Contrary to what most PhD students experience, I enjoy this process.  I enjoy the writing, even if the programming aspects are tedious.  I think this is partially because I write (as a hobby and hopefully for publishing).  However, the main reason is that I have someone to work with, to bounce ideas against, to take my observations and ideas and help me decide if they are worth pursuing.  We catch each others mistakes.  With the camaraderie and the sharing of ideas that occurs, I doubt I'll ever do solo research.  It has made me infinitely glad that I took that step, went to Dr. C's office, and asked if he'd have me for a PhD student.  It also makes me long for his equivalent in the realm of my fiction writing. 

We're spinning our wheels right now, not because we're stuck but because we're in the process of collecting the proper definitions for the objects we're examining.  Filling in the details, so to speak.  Definitions in this branch of mathematics seem to change yearly, so it's important to keep track of all the tweaks.  After searching online and printing papers yesterday, we finally found one elusive definition.  It turns out that a proof I had already written and planned to discard is almost the exact proof we need.

Sometimes, things just click.  Dr. C and I mesh well.  The property we invented is Baby Bear, just right.  Dr. C warned me not to expect this sort of thing from research.  More often than not, it painfully tedious and leads to dead-ends instead of further down the rabbit hole.  We got lucky in a sense. 

We've reached a point along the way where we can stop and say, "There is more to this tunnel, but we're stopping here for now.  Look for more in the sequel."  This is one of the bonuses of creating your own property.  You are the first to define it and explore it.  Everything you do is new and better.

I just hope it continues to go smoothly.  I've come too far this time to screw it all up.  If something bad is going to happen, I pray it waits until after May of 2012.

Tuesday, March 8, 2011

Math Humor

Thanks to my buddy and L's Navy buddy Rob for this gem!

x2 and ex are at a party. x2 is having a blast, but ex is sitting in a corner by himself. Eventually, x2 comes over and says, "Hey ex, why don't you try a bit harder to integrate?" ex replies, "It's no use. It wouldn't make a difference."

Thursday, March 3, 2011

Drs. Said...

Dr. D: "My graduate advisor said that math PhD students run on coffee and cigarettes."

Dr. E: "A mathematician is a machine that turns coffee into theorems."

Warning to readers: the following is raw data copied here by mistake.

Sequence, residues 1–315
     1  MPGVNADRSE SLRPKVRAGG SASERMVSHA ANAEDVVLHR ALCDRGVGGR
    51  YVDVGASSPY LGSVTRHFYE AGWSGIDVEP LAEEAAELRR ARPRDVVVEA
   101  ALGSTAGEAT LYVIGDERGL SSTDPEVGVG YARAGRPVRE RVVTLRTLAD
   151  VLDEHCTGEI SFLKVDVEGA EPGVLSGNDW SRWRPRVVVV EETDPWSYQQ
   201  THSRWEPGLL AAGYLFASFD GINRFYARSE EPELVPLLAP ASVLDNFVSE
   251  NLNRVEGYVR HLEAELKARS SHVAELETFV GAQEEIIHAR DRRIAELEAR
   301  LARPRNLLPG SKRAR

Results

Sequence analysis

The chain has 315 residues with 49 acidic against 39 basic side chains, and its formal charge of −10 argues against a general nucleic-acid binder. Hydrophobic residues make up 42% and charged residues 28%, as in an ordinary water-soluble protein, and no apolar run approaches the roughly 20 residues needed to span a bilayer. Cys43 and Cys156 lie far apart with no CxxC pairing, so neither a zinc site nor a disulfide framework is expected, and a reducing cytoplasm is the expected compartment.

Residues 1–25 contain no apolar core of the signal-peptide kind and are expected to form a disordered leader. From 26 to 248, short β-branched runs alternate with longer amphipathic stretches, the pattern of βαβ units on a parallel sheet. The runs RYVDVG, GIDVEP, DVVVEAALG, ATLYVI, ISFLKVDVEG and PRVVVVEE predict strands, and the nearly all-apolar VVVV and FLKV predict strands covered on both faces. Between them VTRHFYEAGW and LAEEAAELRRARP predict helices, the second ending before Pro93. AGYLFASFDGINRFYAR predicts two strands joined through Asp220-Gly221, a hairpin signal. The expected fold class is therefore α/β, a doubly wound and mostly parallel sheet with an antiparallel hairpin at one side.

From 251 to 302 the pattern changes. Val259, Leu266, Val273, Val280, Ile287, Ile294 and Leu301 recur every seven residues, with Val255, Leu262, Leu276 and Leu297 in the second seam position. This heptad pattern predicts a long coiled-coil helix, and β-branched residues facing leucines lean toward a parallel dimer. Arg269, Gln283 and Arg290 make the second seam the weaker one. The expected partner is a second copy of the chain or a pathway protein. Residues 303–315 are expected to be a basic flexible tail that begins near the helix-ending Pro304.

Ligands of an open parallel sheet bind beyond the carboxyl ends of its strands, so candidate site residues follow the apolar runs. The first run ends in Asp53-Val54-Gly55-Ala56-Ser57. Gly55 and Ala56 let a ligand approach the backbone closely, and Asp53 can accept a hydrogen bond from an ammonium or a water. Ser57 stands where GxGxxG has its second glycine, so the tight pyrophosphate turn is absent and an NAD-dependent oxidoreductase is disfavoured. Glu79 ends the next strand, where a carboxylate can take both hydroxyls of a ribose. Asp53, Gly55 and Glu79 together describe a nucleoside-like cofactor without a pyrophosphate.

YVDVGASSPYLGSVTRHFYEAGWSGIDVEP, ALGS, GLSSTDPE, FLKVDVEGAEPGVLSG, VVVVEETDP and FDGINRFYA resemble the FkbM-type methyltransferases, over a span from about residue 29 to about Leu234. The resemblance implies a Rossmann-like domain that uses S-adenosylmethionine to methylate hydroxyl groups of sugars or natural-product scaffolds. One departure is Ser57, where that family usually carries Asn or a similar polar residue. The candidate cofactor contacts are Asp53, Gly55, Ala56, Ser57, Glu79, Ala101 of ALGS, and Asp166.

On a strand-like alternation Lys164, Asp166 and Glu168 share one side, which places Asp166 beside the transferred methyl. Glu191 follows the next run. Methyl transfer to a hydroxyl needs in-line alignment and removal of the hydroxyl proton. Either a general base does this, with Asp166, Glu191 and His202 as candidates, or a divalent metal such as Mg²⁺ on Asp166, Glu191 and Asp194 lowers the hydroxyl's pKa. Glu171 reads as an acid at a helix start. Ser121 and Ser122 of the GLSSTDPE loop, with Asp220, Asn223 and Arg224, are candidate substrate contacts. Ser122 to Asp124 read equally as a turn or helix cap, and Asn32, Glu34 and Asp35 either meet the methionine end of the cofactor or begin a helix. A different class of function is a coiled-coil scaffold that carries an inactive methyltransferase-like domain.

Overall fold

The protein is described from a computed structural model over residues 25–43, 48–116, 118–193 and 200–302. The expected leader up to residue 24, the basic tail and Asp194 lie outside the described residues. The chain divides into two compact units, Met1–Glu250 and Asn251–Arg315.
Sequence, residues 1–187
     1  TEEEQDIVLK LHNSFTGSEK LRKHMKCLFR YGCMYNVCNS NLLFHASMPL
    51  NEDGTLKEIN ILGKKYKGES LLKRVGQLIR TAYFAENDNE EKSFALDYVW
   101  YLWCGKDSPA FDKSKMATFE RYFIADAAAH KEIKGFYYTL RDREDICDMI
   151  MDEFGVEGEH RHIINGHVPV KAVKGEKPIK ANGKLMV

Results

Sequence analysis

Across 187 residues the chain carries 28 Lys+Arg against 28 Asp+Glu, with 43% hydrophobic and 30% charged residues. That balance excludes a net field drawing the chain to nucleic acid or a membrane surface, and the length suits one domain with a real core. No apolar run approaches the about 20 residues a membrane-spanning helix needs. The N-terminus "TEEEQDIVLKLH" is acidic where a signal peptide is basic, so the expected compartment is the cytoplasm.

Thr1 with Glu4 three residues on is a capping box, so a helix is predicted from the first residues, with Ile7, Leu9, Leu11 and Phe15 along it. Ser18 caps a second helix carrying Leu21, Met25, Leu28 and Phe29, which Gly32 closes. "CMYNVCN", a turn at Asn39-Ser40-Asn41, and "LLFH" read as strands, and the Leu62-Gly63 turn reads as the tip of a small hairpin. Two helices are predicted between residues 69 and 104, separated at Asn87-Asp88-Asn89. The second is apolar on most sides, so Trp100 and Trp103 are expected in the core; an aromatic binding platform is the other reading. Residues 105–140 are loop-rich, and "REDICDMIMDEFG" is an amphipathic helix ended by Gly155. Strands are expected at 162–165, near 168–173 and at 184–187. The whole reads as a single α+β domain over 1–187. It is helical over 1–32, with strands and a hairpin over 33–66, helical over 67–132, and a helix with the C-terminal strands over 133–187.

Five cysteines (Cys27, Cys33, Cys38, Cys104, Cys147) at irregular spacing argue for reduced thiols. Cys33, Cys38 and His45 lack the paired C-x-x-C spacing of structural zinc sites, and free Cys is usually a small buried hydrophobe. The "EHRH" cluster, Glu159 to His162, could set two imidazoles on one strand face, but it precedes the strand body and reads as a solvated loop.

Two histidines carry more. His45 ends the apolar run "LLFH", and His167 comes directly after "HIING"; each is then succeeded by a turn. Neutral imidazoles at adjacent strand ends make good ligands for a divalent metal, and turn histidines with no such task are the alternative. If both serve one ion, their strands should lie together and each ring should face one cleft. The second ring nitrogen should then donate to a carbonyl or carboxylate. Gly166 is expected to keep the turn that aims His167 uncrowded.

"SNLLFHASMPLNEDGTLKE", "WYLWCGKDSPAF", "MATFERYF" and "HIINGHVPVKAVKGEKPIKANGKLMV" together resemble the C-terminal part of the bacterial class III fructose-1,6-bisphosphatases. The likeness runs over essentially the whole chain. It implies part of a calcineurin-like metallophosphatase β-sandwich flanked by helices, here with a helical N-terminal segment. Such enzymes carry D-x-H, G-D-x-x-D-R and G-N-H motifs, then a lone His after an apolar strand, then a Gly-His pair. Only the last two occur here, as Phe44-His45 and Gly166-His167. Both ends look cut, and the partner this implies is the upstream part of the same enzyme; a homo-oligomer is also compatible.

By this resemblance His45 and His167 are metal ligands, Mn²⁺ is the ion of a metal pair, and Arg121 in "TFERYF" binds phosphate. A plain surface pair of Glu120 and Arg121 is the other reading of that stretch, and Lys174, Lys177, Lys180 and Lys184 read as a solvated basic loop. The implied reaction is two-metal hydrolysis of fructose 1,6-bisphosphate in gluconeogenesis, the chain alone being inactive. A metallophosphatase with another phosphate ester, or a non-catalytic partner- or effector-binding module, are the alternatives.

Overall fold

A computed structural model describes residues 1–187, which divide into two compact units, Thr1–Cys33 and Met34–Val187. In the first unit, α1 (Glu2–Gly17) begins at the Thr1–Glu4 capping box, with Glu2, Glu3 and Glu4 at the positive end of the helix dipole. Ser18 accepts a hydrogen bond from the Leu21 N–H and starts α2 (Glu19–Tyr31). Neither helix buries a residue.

Well, I quit smoking almost six years ago, and I only drink one cup of coffee at most three times a week.  However, I eat tons of peanut butter and cheese, so I suppose this mathematician turns peanut butter and cheese into theorems. 

Tuesday, March 1, 2011

Advising Ape

I told a fellow grad student that I think she should finish her master's and have babies.  I have mixed feelings about it, and I never would've suggested that if she hadn't said that
1) she really wants to have babies, lots of them,
2) she doesn't think she's smart enough to get her PhD, and
3) she's thirty-one.

When she first came to ask my opinion, we discussed the marriage thing, the baby thing, and the PhD thing.  She's as sweet as can be, but I can tell by the way she talks about math that she isn't PhD material.  I'm nowhere near the perfect judge of such things, but there are signs.  I don't love all math, but the area of my focus I truly enjoy.  I get excited about it, and I love to talk about it.  She doesn't have that.

I'm not sure if it's because she hasn't found it or if it isn't in her, but she's out of time.  She's at the crossroads of six more years and no babies (or have babies and flunk out or quit) or one year and babies.  When I asked her why she wanted the PhD, she said for the money.  You don't get a PhD for the money.  You go the easy route and get an Ed.D. for the money.  I told her that, and she seemed to understand and agree with me.

She seemed infinitely happier that someone besides her mother gave her permission to do what she wanted to do.  I'm only a couple of years older, but I have already made the decisions she's facing, twice.  I hope I did right by her.  Hell, I hope I did right by myself.